I first learned about making compost teas, foliar sprays and compost activators from a dear friend and garden mentor many years ago. After getting the hang of making simple recipes and experimenting with controls, using it on one bed and not using it on another bed of the same plant species, I became fascinated with the results! I was hooked on this somewhat new idea of increasing soil microbes and improving soil biology with activated aerated compost tea, (AACT).
First lets explain what compost tea is and how we can easily make it at home.
Compost tea is "liquid gold", a mild and organic fertilizer that will not burn plants.
It is made by taking aerated compost or worm castings and placing it in a sock (panty hose, paint strainer, etc..) suspended in a 5 gallon bucket of water with a air bubble pump to aerate, supply oxygen for microbial growth. You add feed to the water such as molasses, fish hydrolysate, humic acid, cane sugar, etc.. to feed and multiply the microbes that live in the compost or vermicompost (worm casting).
It is extremely important to aerate, supply oxygen to your AACT, all living organisms need oxygen to survive. If your tea does not get enough oxygen it becomes anaerobic and the BAD bacteria will multiply, which can cause, e.coli, root eating nematodes and disease boring organisms. It is also important to know which compost to use in your tea recipe. This will depend on whether you want to use the AACT on vegetables, fruit trees, conifers, etc..
Here is a short list;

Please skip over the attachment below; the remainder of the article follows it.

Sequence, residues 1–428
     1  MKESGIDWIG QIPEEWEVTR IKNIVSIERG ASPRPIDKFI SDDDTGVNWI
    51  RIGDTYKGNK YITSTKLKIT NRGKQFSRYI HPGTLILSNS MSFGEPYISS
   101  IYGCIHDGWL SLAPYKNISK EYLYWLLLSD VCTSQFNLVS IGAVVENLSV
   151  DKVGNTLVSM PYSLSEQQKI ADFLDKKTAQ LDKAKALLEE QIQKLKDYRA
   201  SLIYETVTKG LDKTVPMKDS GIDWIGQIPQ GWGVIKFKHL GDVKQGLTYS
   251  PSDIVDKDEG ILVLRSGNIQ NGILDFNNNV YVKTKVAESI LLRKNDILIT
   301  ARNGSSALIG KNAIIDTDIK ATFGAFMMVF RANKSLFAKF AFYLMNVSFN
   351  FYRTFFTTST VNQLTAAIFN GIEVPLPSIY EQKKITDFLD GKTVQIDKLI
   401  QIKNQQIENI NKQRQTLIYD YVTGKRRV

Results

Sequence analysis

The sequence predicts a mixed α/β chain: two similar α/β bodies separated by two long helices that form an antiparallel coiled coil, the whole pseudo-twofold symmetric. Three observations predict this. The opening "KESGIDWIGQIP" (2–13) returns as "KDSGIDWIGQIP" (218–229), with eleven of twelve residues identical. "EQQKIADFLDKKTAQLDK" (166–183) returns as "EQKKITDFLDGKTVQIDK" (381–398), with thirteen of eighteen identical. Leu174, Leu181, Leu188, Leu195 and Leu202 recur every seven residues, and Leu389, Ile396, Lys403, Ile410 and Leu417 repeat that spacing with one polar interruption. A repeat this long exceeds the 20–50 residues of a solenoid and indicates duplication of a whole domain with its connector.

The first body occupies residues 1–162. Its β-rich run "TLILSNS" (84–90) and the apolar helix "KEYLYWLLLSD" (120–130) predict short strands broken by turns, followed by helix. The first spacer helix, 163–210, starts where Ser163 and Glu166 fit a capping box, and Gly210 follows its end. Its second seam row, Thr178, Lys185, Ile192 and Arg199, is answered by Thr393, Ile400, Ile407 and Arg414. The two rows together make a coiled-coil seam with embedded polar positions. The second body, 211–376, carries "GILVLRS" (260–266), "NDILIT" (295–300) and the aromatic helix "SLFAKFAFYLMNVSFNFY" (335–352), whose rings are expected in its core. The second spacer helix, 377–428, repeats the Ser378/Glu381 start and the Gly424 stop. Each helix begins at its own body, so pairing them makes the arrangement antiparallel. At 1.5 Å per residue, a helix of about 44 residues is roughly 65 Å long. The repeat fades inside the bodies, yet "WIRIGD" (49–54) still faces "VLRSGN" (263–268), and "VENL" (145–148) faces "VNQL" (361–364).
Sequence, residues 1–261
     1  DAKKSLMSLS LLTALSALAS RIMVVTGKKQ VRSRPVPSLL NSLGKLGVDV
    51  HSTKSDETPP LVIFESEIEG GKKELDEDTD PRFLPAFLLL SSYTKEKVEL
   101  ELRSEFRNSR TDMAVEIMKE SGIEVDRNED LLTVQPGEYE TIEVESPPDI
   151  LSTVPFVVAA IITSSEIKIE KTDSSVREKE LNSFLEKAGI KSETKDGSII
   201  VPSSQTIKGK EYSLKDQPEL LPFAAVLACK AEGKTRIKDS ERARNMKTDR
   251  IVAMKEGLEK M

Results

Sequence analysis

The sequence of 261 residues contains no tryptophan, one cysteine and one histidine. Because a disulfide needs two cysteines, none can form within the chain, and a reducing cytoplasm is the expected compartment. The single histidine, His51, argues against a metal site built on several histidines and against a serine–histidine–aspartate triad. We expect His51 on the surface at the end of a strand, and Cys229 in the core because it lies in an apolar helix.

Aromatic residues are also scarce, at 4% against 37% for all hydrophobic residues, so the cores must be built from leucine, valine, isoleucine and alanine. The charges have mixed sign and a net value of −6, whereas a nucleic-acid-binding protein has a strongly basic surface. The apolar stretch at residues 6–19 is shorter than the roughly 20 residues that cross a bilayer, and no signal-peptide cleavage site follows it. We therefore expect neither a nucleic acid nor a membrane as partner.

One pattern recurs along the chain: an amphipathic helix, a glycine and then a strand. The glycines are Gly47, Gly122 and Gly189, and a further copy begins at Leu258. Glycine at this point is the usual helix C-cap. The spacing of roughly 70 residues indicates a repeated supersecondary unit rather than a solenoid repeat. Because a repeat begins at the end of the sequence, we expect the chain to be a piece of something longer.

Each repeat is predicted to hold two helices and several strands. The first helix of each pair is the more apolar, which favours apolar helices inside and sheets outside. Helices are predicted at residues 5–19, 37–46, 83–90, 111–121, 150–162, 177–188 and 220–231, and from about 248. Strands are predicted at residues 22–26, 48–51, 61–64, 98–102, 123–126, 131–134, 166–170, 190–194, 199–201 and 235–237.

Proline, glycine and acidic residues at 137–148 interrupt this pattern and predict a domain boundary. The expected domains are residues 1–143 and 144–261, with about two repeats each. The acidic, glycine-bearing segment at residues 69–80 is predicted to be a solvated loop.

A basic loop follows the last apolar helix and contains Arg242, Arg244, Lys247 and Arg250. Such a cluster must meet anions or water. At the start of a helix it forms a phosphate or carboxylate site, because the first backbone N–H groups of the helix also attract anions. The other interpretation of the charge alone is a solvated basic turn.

Evergreen Trees- Highly Fungal
Deciduous Trees- Semi-Fungal
Most Vegetables- Bacterial
Brassicas- Very Bacterial
Fruits and Berries- Balanced fungal to Bacterial
The compost you choose will be the most important factor in determining whether you are making a bacterial-dominate tea, or a fungal-dominate tea.
Each type of compost are determined by their initial ingredients. Bacterial-dominated compost begins with materials that have a lower carbon to nitrogen ratio (C:N); whereas, fungal-dominated compost begins with materials that have a higher C:N.
Basically your main ingredient for a fungal AACT would be more woody materials, and the main ingredient for a bacterial AACT would contain more nitrogen, such as composted manures.
The food you feed your microbes is very important to maximize the micro-biology. Too much food can cause your AACT to go anaerobic. Too little will not allow the microes to replicate and multiply. There are tons of recipes out there. The good news is that if you end up putting a bacterial tea on a fungal loving plant, it wont hurt it, it just wont get the benefits it would have from a fungal tea.
A couple of recipes below;
Bacterial- Dominated Tea
1.5 pounds of bacterial-dominated compost (FRESH worm castings work well too)
1 Tablespoon of Maple Syrup or Cane Sugar
1 ounce of Fish Emulsion
2 Pounds of Fungal-dominated compost
(Add 1/2 Cup of Bran Flour or Steel cut oats to improve fungi)
1 Tablespoon of Fish Hydrolysate (dilute to neutralize the acid, according to the label)
1 Ounce of liquid sea kelp
Directions; Fill a 5 Gallon bucket with un-chlorinated water. Place the compost in a paint strainer. Get a stick and suspend the strainer in the center of the bucket, so that it does not touch the sides or bottom of the bucket. (see photo above) Dilute the fish emulsion or liquid kelp in a 1/2 cup of water, then add to the water and mix thoroughly. Place your air tubing on your air pump and place the tubing in the bucket of water, plug in the air bubbling machine and check for good aeration. Let the AACT brew for a minimum of 8 hours, the tea can be brewed up to 24 hours. As a matter of fact, some will say a brew can go for 36 hours. I have had great results with 16 hour brews. When your tea is done it can be used as a soil drench, foliar spray, and even a compost activator. I use all of the AACT tea water on my soil and plants and put the compost remains back into my original compost pile.
Thank for reading!